State of Judiciary – Cavanagh



It is a great honor to come here today to report to you on the state of Michigan’s judicial branch. I first must thank you and your leadership for recognizing the importance of communication between the branches of government, and thus for summoning today’s special session. I would like to extend my special appreciation to the Co-Clerks of the House, Mel DeStigter and David Evans, and to the Secretary of the Senate Willis Snow for their efforts with my staff in making this event possible.

In addition to the many legislators who are with us this morning, I also wish to acknowledge the representatives of the executive branch. Also present in the gallery are many of Michigan’s trial judges, of whose hard work we are so proud, and officers of their associations. I am especially pleased to see some former Justices of the Supreme Court, including Chief Justice Thomas E. Brennan, Chief Justice John W. Fitzgerald, and Justice Theodore Souris. I also welcome former Chief Judge Robert J. Danhof of the Court of Appeals with whom I had the privilege of serving on that Court.

There is another person whom we should recognize today. At the end of 1994, our bench will lose one of Michigan’s great public servants. For nearly forty years you have served Michigan as a Member of Congress, a United States Senator, and a Justice of the Michigan Supreme Court…you are the pride of Traverse City and Central Michigan University. . . Bob Griffin, your place is assured in the history of this state. My colleagues and I feel proud and privileged to have served with you.

Finally, as a point of personal privilege, I want to take this opportunity to recognize some people whose love and support I have enjoyed and who have in that way contributed to the judicial system in which I have been privileged to serve.

Last Saturday, April 30, marked the opening day of trout season. It also happened to be my twenty-eighth wedding anniversary. I wish to introduce the woman who has tolerated me—and the trout for all those years—my wife Patricia. As living evidence of the havoc we have wrought during our twenty-eight years of marriage, I would introduce our children: Jane Elizabeth, Michael, and Megan Kathleen. My big brother, Paul Cavanagh, retired after many years of service with the Department of Public Health Crippled Children’s Division, is here with me, as he always has been. His wife Shirley and several of my nephews and nieces are here as well. Thanks to all of you for attending.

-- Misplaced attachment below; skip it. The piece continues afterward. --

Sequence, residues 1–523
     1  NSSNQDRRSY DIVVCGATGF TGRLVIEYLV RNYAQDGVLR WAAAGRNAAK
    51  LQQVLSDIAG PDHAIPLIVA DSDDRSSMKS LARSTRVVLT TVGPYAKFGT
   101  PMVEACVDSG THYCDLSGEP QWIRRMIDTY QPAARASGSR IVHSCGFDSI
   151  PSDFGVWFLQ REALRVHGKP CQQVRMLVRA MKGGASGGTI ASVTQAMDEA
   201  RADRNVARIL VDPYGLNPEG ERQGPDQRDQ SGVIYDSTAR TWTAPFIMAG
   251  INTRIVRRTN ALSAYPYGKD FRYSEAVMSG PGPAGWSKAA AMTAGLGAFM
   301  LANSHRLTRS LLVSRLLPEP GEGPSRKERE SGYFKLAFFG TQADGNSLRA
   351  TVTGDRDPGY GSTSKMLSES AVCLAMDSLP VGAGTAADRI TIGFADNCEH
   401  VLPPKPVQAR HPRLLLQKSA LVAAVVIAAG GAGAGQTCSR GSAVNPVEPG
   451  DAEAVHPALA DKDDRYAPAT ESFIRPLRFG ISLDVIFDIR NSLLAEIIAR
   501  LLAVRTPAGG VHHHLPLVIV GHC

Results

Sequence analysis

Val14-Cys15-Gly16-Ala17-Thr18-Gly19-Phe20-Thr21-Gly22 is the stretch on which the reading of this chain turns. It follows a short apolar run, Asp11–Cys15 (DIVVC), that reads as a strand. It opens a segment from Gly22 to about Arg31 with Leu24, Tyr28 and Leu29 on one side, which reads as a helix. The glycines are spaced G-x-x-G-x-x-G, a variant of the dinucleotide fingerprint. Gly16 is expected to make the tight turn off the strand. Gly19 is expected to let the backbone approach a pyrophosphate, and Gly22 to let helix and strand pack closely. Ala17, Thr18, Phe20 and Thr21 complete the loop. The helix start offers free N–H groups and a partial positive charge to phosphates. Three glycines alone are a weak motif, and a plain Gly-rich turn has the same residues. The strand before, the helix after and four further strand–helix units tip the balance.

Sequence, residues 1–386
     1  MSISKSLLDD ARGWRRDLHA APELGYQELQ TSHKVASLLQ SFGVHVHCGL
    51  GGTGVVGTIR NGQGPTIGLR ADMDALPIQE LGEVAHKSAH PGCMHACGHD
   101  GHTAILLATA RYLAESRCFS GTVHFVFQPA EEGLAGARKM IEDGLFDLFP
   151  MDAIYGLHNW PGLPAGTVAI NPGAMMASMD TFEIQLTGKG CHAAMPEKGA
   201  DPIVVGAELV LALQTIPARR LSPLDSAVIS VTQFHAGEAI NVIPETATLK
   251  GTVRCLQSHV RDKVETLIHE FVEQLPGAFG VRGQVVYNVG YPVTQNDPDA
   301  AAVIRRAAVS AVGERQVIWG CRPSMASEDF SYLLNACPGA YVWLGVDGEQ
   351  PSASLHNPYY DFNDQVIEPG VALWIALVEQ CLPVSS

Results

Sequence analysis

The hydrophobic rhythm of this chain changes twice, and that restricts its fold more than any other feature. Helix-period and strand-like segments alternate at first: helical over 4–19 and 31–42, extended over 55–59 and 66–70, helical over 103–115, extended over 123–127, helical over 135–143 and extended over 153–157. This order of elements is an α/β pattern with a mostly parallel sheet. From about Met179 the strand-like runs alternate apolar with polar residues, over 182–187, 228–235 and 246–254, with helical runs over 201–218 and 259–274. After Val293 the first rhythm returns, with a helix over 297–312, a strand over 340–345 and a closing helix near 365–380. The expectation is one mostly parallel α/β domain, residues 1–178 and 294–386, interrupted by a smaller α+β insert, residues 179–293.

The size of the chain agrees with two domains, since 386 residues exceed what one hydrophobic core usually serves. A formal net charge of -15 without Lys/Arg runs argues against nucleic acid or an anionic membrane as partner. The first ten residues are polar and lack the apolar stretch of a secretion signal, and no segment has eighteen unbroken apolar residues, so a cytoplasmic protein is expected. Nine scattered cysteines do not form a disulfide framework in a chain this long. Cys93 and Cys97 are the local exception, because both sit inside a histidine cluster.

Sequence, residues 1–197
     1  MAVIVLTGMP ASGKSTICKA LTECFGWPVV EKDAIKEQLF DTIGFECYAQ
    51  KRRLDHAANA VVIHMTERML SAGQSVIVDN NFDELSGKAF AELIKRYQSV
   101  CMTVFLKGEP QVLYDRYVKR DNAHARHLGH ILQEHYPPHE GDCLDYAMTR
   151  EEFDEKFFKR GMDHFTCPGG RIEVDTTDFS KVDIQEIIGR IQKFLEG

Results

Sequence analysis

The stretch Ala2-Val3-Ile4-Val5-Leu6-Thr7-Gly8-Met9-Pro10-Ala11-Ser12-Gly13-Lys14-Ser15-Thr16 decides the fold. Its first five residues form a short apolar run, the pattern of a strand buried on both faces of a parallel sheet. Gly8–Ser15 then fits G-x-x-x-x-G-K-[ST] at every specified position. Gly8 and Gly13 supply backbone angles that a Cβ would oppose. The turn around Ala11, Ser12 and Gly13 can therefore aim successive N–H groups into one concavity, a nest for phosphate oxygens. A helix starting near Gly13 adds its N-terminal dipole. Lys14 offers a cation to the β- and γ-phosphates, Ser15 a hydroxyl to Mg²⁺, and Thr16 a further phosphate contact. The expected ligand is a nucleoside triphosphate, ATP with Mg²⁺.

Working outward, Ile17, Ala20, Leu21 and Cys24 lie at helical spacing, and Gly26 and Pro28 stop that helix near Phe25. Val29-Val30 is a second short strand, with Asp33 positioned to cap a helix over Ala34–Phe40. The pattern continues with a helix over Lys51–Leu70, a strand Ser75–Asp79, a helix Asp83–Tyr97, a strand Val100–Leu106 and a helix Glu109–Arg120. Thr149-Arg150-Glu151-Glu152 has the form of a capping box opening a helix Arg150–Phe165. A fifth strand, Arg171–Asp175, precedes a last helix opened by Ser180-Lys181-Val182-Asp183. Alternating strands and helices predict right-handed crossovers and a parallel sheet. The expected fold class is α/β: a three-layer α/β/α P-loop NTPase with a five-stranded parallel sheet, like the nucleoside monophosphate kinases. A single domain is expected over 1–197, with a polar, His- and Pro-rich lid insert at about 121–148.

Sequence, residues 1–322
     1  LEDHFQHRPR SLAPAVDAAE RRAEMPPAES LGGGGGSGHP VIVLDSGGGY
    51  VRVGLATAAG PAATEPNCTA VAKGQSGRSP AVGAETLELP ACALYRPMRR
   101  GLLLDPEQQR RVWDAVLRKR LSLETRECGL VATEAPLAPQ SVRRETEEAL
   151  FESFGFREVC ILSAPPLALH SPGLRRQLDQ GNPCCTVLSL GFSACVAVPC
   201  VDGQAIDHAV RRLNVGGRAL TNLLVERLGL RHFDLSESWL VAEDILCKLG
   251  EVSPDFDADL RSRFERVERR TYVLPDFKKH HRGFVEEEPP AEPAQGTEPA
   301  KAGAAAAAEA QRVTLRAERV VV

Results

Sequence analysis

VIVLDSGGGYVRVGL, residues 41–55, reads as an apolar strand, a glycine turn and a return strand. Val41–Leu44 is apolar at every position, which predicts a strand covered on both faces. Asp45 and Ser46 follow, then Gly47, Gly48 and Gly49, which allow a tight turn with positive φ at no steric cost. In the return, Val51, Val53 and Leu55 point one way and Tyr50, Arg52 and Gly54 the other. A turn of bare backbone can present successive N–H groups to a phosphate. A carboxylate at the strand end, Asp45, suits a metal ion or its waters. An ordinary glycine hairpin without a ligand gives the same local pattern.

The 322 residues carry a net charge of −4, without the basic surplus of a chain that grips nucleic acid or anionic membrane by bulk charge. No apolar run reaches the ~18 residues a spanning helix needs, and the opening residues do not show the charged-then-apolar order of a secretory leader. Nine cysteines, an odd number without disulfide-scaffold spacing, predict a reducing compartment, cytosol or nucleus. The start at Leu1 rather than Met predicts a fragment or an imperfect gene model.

Twenty-five years ago, on May 1, 1969, Chief Justice Brennan came here to present the first State of the Judiciary address. As I read his address in the House Journal, I was struck by the changes we have seen in a quarter of a century.

In 1969, Chief Justice Brennan spoke enthusiastically of new developments which today are part of the accepted status quo. He praised the Legislature for overcoming “many obstacles” in establishing the district court; he described a requirement of annual reports from judges regarding the status of cases; he spoke of new court rules to manage the discipline process for lawyers; he discussed the newly created Judicial Tenure Commission. Together, we have come a great distance.

We have far to go, however. Years from now, one of your children will stand in my place, directing a multimedia, interactive presentation on the State of the Judiciary, with holograms and sound effects. I wonder: How much will have changed by then? How much will be the same?

So let me tell you where we are today and where, with your assistance, we are headed.

My friends, those of us who serve as judges know that a court is a special place. Francis Bacon said that “The place of justice is a hallowed place.” We wear robes as a sign of an authority that traces its roots to the Old Testament. But we also wear robes to remind us that the source of our authority is not within ourselves. It comes from the people, who briefly entrust it to our care.

And it is the people who breathe life into the courts. They do so through their belief that the courts can and do provide justice. Though we live in a skeptical age, the words “Equal Justice Under Law” are no idle phrase. Justice Thurgood Marshall had supporters and he had opponents, but when he died last year, no cynic was bold enough to doubt the sincerity of that judge’s lifelong quest for justice for all Americans.

The people also invigorate the courts every day through the jury system. Juries are the clearest day-to-day illustration of the central defining principle of this great nation—the people are the government. Citizens don’t just observe the courts; as jurors they are the courts. They appear day after day, year after year, for minimal compensation, to provide extraordinary civic service. Jurors bring humanity, life itself, to the law.

Despite all of that, the Judiciary is often referred to as the third branch of government. Most of our work goes unnoticed by the media, since our primary focus is on the resolution of disputes between individual litigants, few of whom are among the rich and famous. But today, I’d like to tell you why, as we approach the year 2000, no branch can be the first branch of government, or the second, or the third.